Author: Gerhard Walter, Editor, Solutions by HANDELSBLATT MEDIA GROUP GMBH
- the GDPR as a challenge for corporate groups operating across Europe
- Data protection through pseudonymisation
- Requirements for the burden of proof
After more than two years of GDPR, what are the biggest implementation challenges?
In my opinion, the biggest challenge is that there is still no reliable case law on many important areas of the GDPR, which means viewpoints on individual topics vary widely. Happily, the German data protection authorities have now made statements on relevant topic fields. But naturally, in terms of content these statements cannot always be completely correct, as the Orientation Guide for Telemedia Providers has shown. So often, if a company follows the statements or other established views but the courts then decide otherwise, the company cannot simply change the procedure it’s implemented, particularly if technically complex data processing is involved. In addition, corporate groups that operate across Europe are confronted with the fact that because of the legal histories of individual EU member states, different interpretations of the GDPR exist. But to implement a group-wide data protection management system effectively – especially with regard to controls – the same internal guidelines need to apply to all group companies. Obviously this excludes special national regulations on data protection, which are based on the use of opening clauses in the GDPR by individual member states.
Do you think companies have to meet higher data protection standards because consumers have become more critical?
Companies have to observe existing data protection regulations not because consumers have become more critical, but because it’s in the best interests of value-driven companies, and an important compliance task. But in practice, the fact that consumers have become more critical makes non-compliant data processing visible, because the number of complaints to the data protection authorities increases. But surely no company with a long-term data protection strategy would knowingly accept legal violations in the hope that they would not be detected or made public. The fact that consumers are now more critical also means the practical workload for companies has increased massively, for example due to the higher number of data subject rights that are exercised.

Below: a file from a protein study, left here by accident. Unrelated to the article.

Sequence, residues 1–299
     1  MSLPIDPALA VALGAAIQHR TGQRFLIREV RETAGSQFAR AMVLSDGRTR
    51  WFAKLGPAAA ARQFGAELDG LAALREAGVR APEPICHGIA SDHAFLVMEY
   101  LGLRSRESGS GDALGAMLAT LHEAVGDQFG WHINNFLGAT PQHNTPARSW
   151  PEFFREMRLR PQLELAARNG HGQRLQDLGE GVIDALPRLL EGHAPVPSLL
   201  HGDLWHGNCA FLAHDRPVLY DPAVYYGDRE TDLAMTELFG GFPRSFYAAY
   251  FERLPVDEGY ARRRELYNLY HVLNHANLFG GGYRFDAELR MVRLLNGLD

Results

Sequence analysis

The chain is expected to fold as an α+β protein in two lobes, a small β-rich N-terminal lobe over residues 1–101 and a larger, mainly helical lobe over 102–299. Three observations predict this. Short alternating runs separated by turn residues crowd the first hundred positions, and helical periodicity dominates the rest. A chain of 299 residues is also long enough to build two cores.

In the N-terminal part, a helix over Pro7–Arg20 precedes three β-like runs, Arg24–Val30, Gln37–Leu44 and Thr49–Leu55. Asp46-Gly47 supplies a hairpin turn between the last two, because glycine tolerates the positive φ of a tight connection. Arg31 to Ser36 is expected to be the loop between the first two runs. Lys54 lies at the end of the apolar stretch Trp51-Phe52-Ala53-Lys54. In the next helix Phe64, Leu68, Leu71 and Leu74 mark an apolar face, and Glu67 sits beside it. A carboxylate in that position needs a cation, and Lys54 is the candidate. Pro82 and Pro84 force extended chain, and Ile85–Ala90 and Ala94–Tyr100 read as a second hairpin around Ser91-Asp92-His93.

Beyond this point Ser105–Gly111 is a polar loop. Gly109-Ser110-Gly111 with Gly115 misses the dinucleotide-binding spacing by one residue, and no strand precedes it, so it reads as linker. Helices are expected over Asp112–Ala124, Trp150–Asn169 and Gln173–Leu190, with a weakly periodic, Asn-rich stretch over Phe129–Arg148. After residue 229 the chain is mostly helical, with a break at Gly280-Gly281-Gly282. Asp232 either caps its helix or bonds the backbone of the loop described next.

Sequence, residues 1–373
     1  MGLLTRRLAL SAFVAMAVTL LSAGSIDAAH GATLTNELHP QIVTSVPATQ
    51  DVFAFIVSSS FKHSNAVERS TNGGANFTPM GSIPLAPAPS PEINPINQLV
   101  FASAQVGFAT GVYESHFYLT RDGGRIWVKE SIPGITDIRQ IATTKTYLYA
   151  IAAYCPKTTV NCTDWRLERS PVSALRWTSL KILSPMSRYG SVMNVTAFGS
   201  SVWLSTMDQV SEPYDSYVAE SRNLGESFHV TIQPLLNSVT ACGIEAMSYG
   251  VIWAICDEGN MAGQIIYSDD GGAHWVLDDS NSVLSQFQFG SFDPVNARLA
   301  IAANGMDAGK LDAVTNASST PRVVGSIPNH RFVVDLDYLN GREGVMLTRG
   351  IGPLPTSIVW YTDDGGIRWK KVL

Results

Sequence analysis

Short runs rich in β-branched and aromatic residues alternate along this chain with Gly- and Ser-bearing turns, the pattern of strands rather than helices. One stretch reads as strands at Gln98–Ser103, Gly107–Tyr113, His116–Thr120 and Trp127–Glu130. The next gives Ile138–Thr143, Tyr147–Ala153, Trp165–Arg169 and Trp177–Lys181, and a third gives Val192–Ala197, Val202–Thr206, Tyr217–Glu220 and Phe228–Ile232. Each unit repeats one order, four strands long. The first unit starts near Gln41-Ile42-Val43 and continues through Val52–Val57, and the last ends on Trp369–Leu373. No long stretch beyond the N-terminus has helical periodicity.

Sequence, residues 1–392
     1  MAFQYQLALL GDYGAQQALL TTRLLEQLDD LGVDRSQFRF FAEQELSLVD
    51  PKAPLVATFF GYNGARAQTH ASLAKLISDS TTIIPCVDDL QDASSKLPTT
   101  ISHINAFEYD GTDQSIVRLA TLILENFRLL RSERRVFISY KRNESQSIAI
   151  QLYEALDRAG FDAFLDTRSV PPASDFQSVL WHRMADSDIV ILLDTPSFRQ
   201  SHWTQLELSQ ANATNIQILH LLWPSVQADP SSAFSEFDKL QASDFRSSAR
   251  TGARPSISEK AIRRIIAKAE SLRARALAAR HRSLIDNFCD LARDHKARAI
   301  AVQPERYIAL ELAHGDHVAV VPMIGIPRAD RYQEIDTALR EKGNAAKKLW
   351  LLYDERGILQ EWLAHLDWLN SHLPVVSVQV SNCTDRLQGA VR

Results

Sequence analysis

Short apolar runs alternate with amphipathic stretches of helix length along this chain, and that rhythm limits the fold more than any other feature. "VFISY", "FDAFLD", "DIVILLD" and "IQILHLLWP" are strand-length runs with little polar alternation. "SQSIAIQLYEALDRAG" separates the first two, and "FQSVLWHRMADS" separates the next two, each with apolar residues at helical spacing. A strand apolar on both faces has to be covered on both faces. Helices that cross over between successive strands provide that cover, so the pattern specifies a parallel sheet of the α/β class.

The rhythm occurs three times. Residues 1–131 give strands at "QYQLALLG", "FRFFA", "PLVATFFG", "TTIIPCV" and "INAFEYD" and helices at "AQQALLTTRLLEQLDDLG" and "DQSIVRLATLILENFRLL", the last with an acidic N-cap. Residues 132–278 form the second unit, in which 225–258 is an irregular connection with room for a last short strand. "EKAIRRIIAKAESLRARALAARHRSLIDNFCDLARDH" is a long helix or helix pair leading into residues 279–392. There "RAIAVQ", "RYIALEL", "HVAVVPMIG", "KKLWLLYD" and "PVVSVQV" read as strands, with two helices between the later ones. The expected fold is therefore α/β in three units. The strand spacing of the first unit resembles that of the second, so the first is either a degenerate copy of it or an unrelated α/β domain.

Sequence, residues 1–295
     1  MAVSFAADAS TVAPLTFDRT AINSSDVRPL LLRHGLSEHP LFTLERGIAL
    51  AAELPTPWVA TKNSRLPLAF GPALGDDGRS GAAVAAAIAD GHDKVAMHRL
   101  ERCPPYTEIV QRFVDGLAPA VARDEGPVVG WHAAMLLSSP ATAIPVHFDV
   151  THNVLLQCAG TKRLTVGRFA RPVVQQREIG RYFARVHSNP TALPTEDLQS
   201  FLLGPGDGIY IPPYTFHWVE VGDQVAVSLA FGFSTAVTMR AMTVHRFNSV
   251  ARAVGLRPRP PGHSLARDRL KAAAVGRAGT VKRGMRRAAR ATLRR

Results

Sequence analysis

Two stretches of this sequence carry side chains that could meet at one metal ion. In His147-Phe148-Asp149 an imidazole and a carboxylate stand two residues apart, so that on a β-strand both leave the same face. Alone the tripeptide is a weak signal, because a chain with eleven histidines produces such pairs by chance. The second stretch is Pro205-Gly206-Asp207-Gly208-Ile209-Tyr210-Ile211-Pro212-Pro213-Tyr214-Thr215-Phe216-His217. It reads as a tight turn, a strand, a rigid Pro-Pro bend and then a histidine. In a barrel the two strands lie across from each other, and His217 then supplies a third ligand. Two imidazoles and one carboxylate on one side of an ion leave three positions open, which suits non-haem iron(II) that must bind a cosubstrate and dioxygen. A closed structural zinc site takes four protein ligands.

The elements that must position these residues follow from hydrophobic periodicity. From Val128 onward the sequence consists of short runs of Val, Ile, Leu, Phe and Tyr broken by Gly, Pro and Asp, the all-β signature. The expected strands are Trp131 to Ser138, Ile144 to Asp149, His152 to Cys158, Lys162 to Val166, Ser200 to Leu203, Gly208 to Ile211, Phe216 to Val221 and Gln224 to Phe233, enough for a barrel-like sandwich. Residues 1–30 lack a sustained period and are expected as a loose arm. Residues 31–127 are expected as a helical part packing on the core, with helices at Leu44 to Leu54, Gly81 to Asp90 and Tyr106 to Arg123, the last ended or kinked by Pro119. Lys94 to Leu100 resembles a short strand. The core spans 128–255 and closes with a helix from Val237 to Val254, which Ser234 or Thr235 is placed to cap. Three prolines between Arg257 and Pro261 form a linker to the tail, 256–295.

To what extent does the need for voluntary consent add to companies’ workload?
Voluntary consent was required before the GDPR took effect, although the coupling ban regulated in the BDSG (2009) was less strict than the standardised one in the GDPR. Based on practical experience, many sides now believe companies should first try to map data processing on a different legal basis than on the obtaining of consent. One the one hand, this is because the legal requirements for obtaining legally compliant consent are relatively high, which leads to uncertainties. On the other hand, most potential users – especially online – don’t actually read declarations of consent because of ’click fatigue’ – for example when permanent opt-in banners get on their nerves. The responsibility for that lies with legislators, not with companies. In my view, striving for effective data protection via very good pseudonymisations – not by obtaining consent – is far more appropriate for consumers and data processing companies alike. It would be good if European legislature were to re-emphasise in discussions, especially during the negotiations on an ePrivacy Regulation, the fact that obtaining consent is not – as previously claimed – the ideal route for legitimizing data processing. Of course, obtaining consent must be mandatory in some data processing fields – for example when health data is involved.
What problems can arise in practice?
One major challenge with regard to obtaining consent involves fulfilling the burden of proof obligation as defined in Article 7 (1) GDPR. A few years ago, email marketers developed the ’double opt-in procedure’ as proof of consent. But in certain constellations, delivering proof can be difficult or laborious. Obtaining consent for online tracking is one example worth mentioning here. This fact urgently needs to be considered as part of the requirements that apply to the obligation to provide evidence.
Do you use the German government’s corona app?
Yes, I do. For me personally, using it is an important part of the social solidarity we need in the difficult situation we currently face.
Simon Menke is head of Corporate Intellectual Property and Data Protection at the Otto Group Holding. His responsibilities include providing legal advice in the field of data protection to Otto Group companies. He led the group-wide project to ensure the implementation of GDPR requirements, and advises on almost all topics of data protection. Before joining the Otto Group in 2012, Simon Menke worked as a lawyer in a Hamburg law firm that specialises in intellectual property law and data protection.